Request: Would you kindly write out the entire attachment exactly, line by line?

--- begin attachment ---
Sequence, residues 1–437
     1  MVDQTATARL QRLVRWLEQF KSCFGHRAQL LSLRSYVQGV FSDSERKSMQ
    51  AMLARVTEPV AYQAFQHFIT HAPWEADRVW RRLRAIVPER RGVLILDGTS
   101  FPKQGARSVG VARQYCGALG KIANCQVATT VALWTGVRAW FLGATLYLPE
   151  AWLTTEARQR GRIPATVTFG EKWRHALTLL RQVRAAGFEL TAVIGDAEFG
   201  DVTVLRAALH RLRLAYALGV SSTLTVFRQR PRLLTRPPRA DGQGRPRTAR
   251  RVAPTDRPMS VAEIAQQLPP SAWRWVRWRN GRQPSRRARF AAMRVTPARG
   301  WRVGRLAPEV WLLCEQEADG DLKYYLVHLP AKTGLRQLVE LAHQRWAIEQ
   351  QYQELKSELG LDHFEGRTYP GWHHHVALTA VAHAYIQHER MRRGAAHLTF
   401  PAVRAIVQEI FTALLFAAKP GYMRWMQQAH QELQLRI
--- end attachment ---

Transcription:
Sequence, residues 1–437
     1  MVDQTATARL QRLVRWLEQF KSCFGHRAQL LSLRSYVQGV FSDSERKSMQ
    51  AMLARVTEPV AYQAFQHFIT HAPWEADRVW RRLRAIVPER RGVLILDGTS
   101  FPKQGARSVG VARQYCGALG KIANCQVATT VALWTGVRAW FLGATLYLPE
   151  AWLTTEARQR GRIPATVTFG EKWRHALTLL RQVRAAGFEL TAVIGDAEFG
   201  DVTVLRAALH RLRLAYALGV SSTLTVFRQR PRLLTRPPRA DGQGRPRTAR
   251  RVAPTDRPMS VAEIAQQLPP SAWRWVRWRN GRQPSRRARF AAMRVTPARG
   301  WRVGRLAPEV WLLCEQEADG DLKYYLVHLP AKTGLRQLVE LAHQRWAIEQ
   351  QYQELKSELG LDHFEGRTYP GWHHHVALTA VAHAYIQHER MRRGAAHLTF
   401  PAVRAIVQEI FTALLFAAKP GYMRWMQQAH QELQLRI